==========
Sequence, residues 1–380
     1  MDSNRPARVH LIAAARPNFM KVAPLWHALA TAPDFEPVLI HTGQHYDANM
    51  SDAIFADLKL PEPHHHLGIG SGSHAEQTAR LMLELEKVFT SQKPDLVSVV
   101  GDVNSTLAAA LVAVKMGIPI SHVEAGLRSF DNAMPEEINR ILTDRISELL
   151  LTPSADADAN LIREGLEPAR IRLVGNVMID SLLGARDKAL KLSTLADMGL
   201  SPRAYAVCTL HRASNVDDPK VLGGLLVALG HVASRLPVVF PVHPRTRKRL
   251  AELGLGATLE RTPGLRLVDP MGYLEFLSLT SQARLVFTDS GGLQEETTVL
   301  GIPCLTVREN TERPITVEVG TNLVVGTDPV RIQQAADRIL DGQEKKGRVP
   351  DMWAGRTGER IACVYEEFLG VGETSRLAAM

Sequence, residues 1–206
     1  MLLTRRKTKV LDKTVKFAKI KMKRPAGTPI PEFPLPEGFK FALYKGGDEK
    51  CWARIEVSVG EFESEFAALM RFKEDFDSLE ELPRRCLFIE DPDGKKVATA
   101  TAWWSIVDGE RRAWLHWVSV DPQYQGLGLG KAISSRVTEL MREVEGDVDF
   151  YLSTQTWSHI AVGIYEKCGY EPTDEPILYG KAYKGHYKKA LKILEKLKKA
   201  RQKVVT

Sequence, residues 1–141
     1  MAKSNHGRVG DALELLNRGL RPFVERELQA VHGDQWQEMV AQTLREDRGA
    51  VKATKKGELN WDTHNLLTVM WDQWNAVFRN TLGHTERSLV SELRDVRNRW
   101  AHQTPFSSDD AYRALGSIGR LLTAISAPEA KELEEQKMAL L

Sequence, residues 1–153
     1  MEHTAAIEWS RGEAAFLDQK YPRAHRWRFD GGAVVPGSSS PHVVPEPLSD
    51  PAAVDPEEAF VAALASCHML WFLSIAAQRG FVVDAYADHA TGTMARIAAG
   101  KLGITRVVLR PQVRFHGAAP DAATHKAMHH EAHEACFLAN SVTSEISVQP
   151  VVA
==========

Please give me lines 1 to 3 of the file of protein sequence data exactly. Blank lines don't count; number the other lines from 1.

Sequence, residues 1–380
     1  MDSNRPARVH LIAAARPNFM KVAPLWHALA TAPDFEPVLI HTGQHYDANM
    51  SDAIFADLKL PEPHHHLGIG SGSHAEQTAR LMLELEKVFT SQKPDLVSVV